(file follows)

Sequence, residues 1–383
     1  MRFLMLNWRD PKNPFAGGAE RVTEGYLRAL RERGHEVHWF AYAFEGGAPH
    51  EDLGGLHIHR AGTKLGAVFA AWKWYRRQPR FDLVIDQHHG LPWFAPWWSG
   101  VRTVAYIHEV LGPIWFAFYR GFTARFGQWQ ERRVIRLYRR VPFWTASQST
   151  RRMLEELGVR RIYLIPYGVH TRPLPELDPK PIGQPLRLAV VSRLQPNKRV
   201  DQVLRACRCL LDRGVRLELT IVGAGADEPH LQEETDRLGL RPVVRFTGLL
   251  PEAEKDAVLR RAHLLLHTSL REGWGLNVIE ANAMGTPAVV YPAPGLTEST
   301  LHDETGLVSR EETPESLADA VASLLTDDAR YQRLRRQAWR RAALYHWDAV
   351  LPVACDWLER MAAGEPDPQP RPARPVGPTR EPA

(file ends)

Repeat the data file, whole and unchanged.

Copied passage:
Sequence, residues 1–383
     1  MRFLMLNWRD PKNPFAGGAE RVTEGYLRAL RERGHEVHWF AYAFEGGAPH
    51  EDLGGLHIHR AGTKLGAVFA AWKWYRRQPR FDLVIDQHHG LPWFAPWWSG
   101  VRTVAYIHEV LGPIWFAFYR GFTARFGQWQ ERRVIRLYRR VPFWTASQST
   151  RRMLEELGVR RIYLIPYGVH TRPLPELDPK PIGQPLRLAV VSRLQPNKRV
   201  DQVLRACRCL LDRGVRLELT IVGAGADEPH LQEETDRLGL RPVVRFTGLL
   251  PEAEKDAVLR RAHLLLHTSL REGWGLNVIE ANAMGTPAVV YPAPGLTEST
   301  LHDETGLVSR EETPESLADA VASLLTDDAR YQRLRRQAWR RAALYHWDAV
   351  LPVACDWLER MAAGEPDPQP RPARPVGPTR EPA